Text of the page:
Wednesday, November 16, 2011


Industries (Markets to be precise if you’re Michael Porter) differ in many aspects across the world. With
these differences, we allude to : types
of clients, their demands, the products and services offered, the local economy
and its macroeconomic relationships. The market place is a source of income for
suppliers and a fulfiller of the needs and wants from consumers. Once there is
a need/want, there is a market. Once there is a market, there is potential for
wealth. Because of this, all markets, given policy permission are subject to
drastic changes, whether due to new competition, internal or external economic
shocks, natural disasters etc.

The only constant with respect to the difference in markets is

It’s now up to how players, more importantly suppliers, react to
these changes. The reaction, or lack thereof can determine its future viability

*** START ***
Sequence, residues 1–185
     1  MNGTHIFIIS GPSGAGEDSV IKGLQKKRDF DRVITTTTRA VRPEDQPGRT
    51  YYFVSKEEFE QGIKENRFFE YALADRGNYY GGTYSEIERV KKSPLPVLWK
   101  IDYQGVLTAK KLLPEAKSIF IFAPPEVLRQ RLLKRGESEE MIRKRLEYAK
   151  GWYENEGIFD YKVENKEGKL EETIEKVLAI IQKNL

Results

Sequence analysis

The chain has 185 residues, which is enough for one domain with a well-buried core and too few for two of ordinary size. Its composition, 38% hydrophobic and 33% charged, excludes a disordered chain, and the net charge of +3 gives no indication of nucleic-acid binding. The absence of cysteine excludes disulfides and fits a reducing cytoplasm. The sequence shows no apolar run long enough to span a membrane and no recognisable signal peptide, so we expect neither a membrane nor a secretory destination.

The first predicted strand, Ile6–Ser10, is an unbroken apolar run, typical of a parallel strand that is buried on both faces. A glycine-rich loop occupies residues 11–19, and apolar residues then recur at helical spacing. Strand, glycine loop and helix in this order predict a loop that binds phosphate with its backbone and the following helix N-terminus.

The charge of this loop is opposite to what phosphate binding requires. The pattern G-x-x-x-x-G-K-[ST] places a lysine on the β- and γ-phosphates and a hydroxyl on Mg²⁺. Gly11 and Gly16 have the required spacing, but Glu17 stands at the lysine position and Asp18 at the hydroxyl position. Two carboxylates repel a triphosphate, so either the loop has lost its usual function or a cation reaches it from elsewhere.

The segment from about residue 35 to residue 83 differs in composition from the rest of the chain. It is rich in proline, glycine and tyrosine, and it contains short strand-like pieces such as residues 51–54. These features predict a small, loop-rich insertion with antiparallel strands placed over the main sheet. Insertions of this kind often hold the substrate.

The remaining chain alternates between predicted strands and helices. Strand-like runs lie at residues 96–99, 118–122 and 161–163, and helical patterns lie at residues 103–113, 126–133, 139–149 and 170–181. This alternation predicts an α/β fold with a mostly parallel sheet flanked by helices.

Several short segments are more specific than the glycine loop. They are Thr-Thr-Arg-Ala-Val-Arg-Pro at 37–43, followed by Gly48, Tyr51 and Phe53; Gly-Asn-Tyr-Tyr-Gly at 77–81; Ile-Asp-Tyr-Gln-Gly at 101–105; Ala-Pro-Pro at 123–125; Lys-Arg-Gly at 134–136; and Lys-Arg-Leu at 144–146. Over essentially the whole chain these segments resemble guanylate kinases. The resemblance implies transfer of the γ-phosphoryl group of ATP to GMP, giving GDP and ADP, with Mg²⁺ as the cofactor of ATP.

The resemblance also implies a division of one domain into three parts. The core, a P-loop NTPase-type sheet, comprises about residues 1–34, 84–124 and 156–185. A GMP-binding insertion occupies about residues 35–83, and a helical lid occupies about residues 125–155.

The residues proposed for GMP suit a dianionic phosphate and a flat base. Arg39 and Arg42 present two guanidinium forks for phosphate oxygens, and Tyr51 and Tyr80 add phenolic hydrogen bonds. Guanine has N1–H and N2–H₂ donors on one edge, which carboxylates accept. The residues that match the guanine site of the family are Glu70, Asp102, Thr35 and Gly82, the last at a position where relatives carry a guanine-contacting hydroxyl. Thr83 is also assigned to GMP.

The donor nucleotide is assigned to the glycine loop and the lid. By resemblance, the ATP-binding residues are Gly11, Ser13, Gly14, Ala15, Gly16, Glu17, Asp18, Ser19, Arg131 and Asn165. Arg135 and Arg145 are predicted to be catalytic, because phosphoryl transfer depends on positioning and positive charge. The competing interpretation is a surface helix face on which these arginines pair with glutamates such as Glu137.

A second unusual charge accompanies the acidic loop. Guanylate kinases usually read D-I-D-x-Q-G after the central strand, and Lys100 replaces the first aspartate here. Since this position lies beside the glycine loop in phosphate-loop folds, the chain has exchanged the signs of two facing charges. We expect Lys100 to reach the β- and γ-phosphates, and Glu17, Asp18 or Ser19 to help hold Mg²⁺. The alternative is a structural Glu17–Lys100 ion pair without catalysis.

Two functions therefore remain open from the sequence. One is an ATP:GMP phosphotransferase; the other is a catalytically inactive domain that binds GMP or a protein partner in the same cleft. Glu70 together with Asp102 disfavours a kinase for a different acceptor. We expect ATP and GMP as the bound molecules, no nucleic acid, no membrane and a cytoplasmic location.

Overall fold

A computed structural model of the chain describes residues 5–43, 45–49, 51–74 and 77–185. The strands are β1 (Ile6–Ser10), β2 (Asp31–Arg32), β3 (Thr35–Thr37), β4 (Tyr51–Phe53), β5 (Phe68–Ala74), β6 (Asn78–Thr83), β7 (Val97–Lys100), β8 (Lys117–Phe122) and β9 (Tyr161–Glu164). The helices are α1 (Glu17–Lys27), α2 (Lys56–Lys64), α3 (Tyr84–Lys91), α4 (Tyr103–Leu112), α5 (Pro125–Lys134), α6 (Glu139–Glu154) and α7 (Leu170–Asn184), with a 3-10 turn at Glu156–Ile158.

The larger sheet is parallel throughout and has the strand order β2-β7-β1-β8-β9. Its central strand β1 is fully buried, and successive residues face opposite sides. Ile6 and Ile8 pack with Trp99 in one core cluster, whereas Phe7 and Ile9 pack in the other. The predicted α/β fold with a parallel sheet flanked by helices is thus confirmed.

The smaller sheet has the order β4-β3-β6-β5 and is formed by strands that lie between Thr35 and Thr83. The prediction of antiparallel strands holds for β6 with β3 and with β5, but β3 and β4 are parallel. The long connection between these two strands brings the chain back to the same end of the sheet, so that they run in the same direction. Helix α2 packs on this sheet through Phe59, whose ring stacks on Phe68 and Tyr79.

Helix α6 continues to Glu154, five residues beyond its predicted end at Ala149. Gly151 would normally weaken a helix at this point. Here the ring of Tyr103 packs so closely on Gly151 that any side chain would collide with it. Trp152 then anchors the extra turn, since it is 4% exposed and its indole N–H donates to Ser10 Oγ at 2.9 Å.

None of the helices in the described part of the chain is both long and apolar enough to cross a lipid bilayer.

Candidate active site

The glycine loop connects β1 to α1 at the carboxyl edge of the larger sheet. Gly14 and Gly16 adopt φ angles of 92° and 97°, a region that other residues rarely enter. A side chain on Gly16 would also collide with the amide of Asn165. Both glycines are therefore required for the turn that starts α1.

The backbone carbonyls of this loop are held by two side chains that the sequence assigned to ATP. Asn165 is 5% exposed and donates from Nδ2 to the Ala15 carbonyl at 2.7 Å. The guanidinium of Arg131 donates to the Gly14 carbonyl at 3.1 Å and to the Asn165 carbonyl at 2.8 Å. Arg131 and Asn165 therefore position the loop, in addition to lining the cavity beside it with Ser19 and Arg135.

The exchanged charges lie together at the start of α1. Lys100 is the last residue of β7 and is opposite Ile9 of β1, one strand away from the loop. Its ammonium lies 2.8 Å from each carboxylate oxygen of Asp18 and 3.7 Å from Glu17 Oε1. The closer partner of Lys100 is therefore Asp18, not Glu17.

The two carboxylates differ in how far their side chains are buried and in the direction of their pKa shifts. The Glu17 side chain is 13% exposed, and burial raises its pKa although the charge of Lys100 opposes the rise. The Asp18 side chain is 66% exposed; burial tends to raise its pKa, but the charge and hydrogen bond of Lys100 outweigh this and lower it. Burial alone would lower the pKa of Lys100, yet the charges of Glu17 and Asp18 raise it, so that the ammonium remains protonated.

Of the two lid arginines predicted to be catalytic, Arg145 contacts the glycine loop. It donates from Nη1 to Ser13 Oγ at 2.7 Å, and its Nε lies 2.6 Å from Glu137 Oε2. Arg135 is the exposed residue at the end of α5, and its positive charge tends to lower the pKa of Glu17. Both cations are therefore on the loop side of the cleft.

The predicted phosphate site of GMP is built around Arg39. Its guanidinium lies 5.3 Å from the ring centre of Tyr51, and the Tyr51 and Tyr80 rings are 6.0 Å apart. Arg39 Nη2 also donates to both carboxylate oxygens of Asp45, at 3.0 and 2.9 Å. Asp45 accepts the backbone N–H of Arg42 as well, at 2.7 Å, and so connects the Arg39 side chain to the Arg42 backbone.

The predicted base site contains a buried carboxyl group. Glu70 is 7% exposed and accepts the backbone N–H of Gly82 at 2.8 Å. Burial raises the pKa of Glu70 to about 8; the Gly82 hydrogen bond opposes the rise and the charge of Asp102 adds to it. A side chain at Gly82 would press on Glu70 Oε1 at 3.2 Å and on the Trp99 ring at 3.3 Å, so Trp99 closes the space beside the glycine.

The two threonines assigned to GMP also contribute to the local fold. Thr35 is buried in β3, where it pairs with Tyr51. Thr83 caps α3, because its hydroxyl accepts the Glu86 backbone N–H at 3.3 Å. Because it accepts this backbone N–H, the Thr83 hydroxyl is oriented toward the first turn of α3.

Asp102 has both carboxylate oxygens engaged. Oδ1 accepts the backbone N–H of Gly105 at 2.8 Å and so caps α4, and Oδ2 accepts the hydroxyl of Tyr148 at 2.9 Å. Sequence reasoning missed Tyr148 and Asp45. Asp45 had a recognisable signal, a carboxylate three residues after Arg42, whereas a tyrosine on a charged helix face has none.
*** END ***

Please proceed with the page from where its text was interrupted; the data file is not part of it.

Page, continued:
and this is what managers and senior executives mull over in meetings all over
the world.
According to top strategist Michael Porter, there are 5 forces that can
determine a company’s future in a market that requires agility and self-perseverance.

The threat of a new entrant
The intensity of completion in the marketplace
Pressures from substitute products
Bargaining powers from buyers
Bargaining powers of supplier

To maximize agility and the ability to adapt to market changes,
these are the first things executives should analyze. This is the tip of the
iceberg when determining the strategy going forward. The lucratively of the
marketplace is proportional to its susceptibility to change and stakeholders
better be aware of these considerations if they want to stay afloat, much less
be successful.

: “A Fresh Look at Industry and Market Analysis” – Stanley Slater & Eric

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